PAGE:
In less than six hours, the current government shutdown will become the longest in U.S. history. Today, the government failed to pay 800,000 federal works despite many of them working full-time.
Workers have been protesting throughout the week, while Unions are suing the Trump Administration to re-open the government.
Federal workers at the Waco Regional Airport are also feeling the effects.
“We can’t take care of our family and do this job without getting paid,” says Timothy Lindsey, a Professional Aviation Specialist at the Waco Regional Airport.
Lindsey’s paycheck this week was $0 after he has been expected to show up for work during the government shutdown.
“When I normally would be getting a paycheck on Tuesday, as of right now I’m not getting anything. I’m still expected to work because of the requirements of my job, ensuring public safety,” Lindsey adds.
Lindsey is considered an excepted employee, so he will get paid back when the government reopens. But for furloughed employees who aren’t considered essential, they may not get paid back at all.
“I mean, these folks they may not be able to go get food or anything, and that’s really going to impact them and their well being,” Lindsey continues.
Lindsey also says the government shutdown puts a lot of stress on federal workers.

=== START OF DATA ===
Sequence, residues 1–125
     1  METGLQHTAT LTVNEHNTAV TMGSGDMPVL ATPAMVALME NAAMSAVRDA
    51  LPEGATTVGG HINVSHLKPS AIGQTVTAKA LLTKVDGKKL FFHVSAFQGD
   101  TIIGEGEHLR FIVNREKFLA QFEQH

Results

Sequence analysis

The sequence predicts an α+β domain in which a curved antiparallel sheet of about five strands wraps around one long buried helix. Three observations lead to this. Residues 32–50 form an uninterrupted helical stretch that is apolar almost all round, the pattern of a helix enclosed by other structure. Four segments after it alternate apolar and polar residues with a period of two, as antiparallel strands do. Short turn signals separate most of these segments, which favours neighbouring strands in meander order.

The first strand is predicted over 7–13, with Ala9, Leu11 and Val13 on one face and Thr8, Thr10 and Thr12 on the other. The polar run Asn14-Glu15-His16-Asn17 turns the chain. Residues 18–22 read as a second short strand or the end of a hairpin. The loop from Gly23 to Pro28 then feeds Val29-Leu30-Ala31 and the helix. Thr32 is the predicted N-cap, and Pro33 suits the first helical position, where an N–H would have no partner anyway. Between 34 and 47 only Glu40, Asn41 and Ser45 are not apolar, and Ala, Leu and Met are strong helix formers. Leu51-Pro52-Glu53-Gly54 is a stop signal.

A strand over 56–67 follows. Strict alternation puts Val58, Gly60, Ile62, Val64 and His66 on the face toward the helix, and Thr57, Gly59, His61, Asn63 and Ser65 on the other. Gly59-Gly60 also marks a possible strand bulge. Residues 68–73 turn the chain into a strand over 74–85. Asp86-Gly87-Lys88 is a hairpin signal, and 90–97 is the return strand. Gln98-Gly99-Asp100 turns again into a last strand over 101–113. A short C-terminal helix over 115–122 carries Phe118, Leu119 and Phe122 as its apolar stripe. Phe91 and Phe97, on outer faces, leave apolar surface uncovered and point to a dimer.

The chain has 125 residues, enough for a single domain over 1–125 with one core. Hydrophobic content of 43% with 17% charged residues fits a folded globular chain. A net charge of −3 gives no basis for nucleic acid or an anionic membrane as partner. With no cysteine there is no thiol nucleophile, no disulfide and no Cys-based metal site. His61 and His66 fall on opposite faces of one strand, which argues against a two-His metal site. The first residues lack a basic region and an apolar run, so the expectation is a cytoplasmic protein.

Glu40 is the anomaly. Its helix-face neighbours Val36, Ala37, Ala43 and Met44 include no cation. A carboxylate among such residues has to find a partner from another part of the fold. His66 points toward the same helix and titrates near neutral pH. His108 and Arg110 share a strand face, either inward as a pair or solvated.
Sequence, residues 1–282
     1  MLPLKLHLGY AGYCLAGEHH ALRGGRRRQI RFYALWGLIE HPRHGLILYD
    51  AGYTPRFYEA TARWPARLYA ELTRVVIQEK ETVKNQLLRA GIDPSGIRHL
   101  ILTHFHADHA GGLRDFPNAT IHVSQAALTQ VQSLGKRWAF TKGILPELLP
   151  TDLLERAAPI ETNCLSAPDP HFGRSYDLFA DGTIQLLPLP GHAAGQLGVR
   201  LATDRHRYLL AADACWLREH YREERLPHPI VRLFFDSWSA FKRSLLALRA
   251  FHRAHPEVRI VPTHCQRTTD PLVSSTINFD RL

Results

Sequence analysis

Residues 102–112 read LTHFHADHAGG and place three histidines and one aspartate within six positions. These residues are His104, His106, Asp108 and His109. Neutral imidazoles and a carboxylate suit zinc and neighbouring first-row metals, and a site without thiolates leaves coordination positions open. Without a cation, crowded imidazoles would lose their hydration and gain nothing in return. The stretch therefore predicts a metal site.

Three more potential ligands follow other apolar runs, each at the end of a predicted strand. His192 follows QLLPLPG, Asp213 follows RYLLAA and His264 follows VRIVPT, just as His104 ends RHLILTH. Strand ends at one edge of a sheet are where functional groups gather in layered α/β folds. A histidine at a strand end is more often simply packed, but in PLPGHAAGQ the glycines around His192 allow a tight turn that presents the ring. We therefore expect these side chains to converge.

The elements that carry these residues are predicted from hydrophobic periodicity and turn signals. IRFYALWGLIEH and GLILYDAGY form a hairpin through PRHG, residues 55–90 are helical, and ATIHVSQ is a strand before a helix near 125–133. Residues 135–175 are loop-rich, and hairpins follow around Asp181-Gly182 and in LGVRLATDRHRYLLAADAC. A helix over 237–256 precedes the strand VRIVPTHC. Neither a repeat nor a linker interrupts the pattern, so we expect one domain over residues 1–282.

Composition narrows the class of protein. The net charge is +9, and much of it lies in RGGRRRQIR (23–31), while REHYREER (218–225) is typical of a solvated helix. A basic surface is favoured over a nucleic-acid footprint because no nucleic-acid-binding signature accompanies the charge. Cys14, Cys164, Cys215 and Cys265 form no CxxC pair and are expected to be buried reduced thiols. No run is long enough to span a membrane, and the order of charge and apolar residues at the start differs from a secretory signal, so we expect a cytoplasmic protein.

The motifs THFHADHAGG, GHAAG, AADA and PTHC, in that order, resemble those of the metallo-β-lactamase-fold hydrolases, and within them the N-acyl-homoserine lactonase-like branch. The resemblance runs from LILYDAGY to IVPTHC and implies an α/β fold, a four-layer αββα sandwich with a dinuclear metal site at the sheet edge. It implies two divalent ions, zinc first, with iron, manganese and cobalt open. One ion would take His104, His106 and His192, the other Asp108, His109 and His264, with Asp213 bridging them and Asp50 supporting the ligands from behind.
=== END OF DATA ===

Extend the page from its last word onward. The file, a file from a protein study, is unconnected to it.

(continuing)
“My job is to ensure that the public is safe, and we can’t do that properly and the employees that I represent can’t do that properly until the government shutdown is over,” Lindsey describes.
Lindsey is a representatives for the PASS that represents the safety inspectors and technicians who maintain the aviation equipment.
“I mean, we got safety inspectors that I also represent that inspect the airlines. They’re not considered essential, so they are actually furloughed so all these aircrafts that are flying out of DFW, Atlanta, Chicago, Waco they are not being inspected and checked off by the FAA, so we have no idea if these aircrafts are even safe now,” Lindsey explains.
Lindsey says he has saved up enough money to support his wife and daughters, who are four and nine years old, but if the shutdown continues much longer, he might not be able to.
He also encourages everybody to reach out to your local legislative representative to tell them to end the shutdown.